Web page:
Chilly relations prevents inking of Japan-Russia peace treaty
A cold spell with snow put spring on hold in Tokyo on Wednesday, the day Russian Foreign Minister Sergey Lavrov landed in Japan on a visit. His Japanese counterpart Taro Kono ascribed the snow to the Russian visitor. "Since we did not interfere in your elections, we decided to intervene in the weather," Lavrov replied in a lighter vein.
Jest aside, a chill has indeed descended upon Japan-Russia relations.
Talking about Japan's Aegis Ashore system, Lavrov said it is effectively becoming part of the US missile defense network and will have a direct effect on Russia's security. Despite Russia's opposition, Japan has decided to buy two land-based Aegis Ashore systems to add to its current two-tier missile defense system consisting of Patriot missiles and Aegis-equipped destroyers, ostensibly to enhance its capability to intercept ballistic missiles from the Democratic People's Republic of Korea.
Distrust runs deep in Russia-Japan relations, notwithstanding a flurry of diplomatic activities.
Japanese Prime Minister Shinzo Abe seems eager to impress Russian President Vladimir Putin－they have held 20 meetings in recent years. Abe believes a good personal relationship with Putin can help Japan get back the four islands which the Soviet Union and then Russia has held since the end of World War II. The islets, off Japan's Hokkaido, are called the Northern Territories in Japan and the Southern Kurils in Russia. The territorial dispute has prevented the two countries from signing a peace treaty.
In December 2016, Abe invited Putin to a hot spring resort in his hometown of Nagato. They agreed to begin discussing joint economic projects on the islands. This year the two countries have a public diplomacy initiative, "Japan Year in Russia" and "Russia Year in Japan", aimed at boosting cross-cultural links.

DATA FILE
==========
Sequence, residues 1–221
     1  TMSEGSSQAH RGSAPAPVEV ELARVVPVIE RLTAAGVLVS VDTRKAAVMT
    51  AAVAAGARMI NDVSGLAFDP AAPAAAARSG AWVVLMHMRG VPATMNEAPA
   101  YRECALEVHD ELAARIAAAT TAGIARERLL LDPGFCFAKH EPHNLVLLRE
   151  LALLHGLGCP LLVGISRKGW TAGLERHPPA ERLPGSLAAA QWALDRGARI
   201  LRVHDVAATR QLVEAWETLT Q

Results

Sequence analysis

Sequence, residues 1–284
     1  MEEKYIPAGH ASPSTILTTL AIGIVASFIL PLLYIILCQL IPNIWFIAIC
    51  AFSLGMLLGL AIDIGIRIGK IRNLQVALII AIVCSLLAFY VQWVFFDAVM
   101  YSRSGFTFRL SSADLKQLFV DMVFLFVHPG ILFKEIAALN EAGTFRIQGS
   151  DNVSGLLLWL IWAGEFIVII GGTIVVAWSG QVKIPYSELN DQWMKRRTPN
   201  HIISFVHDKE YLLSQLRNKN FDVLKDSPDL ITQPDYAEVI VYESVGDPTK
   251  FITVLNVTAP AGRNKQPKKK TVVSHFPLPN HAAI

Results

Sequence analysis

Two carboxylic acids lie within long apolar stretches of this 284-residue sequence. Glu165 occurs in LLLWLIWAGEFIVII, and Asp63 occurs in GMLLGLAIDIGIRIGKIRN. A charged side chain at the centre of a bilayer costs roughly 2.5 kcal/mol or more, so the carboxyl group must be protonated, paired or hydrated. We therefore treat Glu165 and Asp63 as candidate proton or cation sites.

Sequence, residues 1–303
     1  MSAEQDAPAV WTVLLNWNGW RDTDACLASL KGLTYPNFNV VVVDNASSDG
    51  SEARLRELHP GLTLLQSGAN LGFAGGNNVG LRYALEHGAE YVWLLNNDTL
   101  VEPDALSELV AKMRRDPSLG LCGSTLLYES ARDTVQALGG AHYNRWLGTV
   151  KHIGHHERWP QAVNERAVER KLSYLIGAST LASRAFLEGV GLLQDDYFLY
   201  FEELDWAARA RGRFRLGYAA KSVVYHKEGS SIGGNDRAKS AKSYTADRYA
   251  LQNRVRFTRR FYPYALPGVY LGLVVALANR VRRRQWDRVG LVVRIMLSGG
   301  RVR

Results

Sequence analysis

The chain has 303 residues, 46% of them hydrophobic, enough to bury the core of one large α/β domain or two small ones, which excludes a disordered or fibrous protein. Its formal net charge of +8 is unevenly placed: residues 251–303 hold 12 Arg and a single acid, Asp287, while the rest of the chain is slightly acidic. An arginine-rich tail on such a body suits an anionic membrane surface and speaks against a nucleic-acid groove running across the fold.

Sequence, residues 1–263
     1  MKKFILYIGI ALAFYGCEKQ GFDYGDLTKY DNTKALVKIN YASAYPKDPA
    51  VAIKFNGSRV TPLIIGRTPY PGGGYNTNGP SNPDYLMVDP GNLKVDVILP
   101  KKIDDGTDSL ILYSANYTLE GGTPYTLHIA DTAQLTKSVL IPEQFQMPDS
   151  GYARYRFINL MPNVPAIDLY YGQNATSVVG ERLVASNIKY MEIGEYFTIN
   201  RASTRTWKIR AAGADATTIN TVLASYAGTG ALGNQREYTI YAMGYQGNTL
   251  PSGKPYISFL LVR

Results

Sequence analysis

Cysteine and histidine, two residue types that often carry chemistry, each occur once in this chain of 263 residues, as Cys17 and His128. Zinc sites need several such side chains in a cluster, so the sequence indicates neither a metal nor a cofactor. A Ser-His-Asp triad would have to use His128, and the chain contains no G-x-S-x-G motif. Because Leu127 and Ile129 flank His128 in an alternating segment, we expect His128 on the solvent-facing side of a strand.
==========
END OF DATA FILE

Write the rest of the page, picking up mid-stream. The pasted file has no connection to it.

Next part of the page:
But there has been no progress beyond the diplomatic bonhomie.
The discussions on joint economic development projects on the disputed islands have barely advanced because of the sovereignty issue. Japan wants the projects to be conducted under a special legal framework rather than Russian law. This, as Japan hopes, will provide a bridgehead enabling the subsequent expansion of Japanese influence on the islands, an attempt Russian critics have termed Japan's "Trojan Horse".
Japan's alliance with the United States has alienated Tokyo from Moscow. Japan yielded to the US' pressure and imposed sanctions on Russia in 2014. For Russia, Japan is, first and foremost, a US ally and cannot be trusted to act independently.
So Japan has to walk a tightrope to manage its relations with the US and Russia.
During their meeting on the sidelines of the APEC Economic Leaders' Meeting in Danang, Vietnam, in November, Putin told Abe that there are lots of questions regarding the peace treaty. "It's not a secret that we also need to look at what commitments Japan has toward its partners in the areas of defense and security, and how that will influence the progress of the negotiating process on the peace treaty," he said.
Moscow, as Putin said, needed to examine what commitments Tokyo has and what it can do, and cannot do, independently. He reminded Abe that maybe the lots of questions cannot be addressed in just one year.
Lavrov was in Japan to discuss preparations for Abe's visit to Russia in May. For Abe, every meeting with Putin offers a chance to break the deadlock in the negotiations on the disputed islands and a peace treaty.
But the signal from Russia is clear. Moscow announced in January that the civilian airport on Iturup, or Etorofu as the Japanese call it, would be shared by the Russian air force, thereby enabling the deployment of combat jets there. The day before Feb 7－Japan's "Northern Territories Day" on which the country officially campaigns for the return of the Russia-held islands－Russia launched a military exercise on the disputed islets.
As Japan has no way to drive away the chill in its relations with Russia, the major breakthroughs that Abe expects are unlikely to happen this year.
The author is China Daily Tokyo bureau chief.